DON’T PUT THE CART BEFORE THE HORSE
You’ve probably heard this saying before. It basically means “Don’t do things in the wrong order.” For example, you wouldn’t put your clothes on in the morning before you took a shower, would you? Of course not. It doesn’t make any sense. In fact, it would actually be counter-productive. Because, needless to say, you would have to put on a new set of DRY clothes after you were finished taking your shower!
Now I realize that this is a silly example. But I share it to make an important point. With many, if not most, things in life, we have to pursue them in a certain order; a logical order. Otherwise, we are guilty of, again, putting the cart before the horse.
Well, I believe this is a good saying for us to keep in mind as we consider the possibility of a building expansion project here at Hope. Now, right off the bat, I especially want to emphasize those words “consider” and “possibility.” By no means is this a certainty at this point. A lot of thinking and planning would have to take place before we would ever be so bold as to consider moving ahead with such a large and expensive undertaking. In fact, Jeff Spann, the Building Consultant of the Mission Investment Find of the ELCA, recently broke down that process for us. And Mike Della Rosa did an excellent job of summarizing this process at our most-recent congregation meeting.
So I won’t bother to take the time or the space to repeat what’s already been said. Instead, I would simply like for you to consider this issue in terms of the following statements:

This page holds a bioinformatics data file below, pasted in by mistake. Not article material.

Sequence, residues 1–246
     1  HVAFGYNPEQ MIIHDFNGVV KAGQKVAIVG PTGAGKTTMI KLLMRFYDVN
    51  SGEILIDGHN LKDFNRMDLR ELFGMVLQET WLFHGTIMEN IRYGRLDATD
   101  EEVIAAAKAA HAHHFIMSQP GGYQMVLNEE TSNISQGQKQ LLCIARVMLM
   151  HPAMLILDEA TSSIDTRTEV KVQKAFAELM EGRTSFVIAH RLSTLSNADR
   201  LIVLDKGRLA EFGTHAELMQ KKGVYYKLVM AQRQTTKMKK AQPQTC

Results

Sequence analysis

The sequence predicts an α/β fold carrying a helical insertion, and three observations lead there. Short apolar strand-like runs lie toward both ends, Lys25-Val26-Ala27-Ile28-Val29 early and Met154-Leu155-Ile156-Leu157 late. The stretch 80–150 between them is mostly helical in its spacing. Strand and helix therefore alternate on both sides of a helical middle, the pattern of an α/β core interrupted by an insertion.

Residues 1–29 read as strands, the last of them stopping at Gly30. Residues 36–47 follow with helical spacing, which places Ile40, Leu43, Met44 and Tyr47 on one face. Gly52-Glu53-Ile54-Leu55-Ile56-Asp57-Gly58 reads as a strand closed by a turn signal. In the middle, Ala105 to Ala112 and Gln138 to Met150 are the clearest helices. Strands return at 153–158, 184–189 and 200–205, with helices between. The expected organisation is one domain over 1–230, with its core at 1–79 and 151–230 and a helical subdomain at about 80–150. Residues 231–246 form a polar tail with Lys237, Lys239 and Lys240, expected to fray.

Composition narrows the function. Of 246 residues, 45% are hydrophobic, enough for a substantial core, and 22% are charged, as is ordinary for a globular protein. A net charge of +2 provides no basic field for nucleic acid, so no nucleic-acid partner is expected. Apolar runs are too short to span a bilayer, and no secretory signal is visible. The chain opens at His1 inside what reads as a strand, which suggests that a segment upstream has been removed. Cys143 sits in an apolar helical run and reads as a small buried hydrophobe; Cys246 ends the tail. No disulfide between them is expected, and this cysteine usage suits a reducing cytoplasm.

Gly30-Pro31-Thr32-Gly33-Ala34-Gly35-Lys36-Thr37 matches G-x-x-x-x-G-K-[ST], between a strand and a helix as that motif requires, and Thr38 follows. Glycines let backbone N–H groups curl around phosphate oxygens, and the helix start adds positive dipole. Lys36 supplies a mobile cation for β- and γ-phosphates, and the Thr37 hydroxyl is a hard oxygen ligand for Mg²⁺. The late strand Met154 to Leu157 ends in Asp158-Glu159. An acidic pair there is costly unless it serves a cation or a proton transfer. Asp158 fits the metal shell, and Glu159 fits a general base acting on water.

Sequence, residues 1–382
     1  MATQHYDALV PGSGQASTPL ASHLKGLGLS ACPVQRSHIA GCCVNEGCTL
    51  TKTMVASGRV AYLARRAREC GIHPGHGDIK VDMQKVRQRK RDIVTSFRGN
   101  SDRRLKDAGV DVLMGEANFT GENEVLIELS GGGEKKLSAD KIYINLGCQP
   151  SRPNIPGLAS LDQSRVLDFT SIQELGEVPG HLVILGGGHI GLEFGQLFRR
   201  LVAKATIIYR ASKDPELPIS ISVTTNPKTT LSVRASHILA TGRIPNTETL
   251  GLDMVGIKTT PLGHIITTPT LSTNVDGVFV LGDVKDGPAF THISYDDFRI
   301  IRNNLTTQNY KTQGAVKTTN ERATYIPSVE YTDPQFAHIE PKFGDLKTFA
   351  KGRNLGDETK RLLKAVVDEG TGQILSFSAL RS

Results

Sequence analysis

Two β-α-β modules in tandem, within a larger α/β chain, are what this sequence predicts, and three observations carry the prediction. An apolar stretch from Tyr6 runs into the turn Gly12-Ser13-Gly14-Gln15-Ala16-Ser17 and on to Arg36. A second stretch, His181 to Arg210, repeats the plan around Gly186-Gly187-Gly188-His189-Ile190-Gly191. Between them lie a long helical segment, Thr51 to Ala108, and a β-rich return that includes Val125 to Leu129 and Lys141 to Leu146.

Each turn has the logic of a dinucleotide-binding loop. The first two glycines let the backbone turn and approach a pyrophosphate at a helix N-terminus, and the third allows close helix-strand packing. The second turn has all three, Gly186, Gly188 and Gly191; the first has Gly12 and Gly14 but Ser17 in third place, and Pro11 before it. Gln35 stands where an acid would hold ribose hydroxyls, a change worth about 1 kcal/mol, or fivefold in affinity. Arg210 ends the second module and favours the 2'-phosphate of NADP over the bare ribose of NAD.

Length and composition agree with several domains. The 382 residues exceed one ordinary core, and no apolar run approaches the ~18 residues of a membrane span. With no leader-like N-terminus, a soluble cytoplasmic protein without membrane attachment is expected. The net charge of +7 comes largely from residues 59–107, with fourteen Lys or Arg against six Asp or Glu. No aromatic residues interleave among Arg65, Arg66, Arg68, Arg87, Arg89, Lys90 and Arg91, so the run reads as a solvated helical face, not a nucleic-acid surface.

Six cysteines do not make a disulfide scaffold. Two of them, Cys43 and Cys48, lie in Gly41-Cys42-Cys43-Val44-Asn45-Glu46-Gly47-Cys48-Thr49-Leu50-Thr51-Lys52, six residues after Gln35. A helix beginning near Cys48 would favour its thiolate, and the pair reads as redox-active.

1.What you would LIKE to do.
(Phase One is putting together a “wish list” of all the things you would hope to achieve in a building program. And, for each item, asking the all-important question: Why? The congregation, as a whole, would be given the opportunity to weigh-in here as well, and give their approval before moving on to the next phase. In this phase, no specific plans or drawings are being considered; nor is the cost. It’s pure brainstorming.)
2.What you CAN do.
(Then Phase Two is where you bring in a team of professionals – architects, engineers, etc. – and begin to whittle down that “wish” list to what is actually feasible; putting together a so-called “master plan.” Here, for the first time, there will be plans and drawings and some idea of the total cost. Yet, once again, the congregation will be asked to give their input and approval before ever moving ahead to the next phase.)
3.What you can AFFORD to do.
(Only when you have decided exactly what it is that you hope to accomplish, you have the actual plans and anticipated project costs figured out, and the congregation has given their green-light, do you begin to explore, in Phase Three, how you are going to pay for it. In all likelihood, the master plan will have to be revised, yet again, and the wish list pared down to what you can actually afford. Then, and only then, after Phase Three is complete, and after the congregation has given their final approval and commitment, would a building program then move forward.)
Such a process obviously takes time, to be sure. But it’s the only way to do it correctly.
Otherwise, you are guilty of… well, of putting the cart before the horse.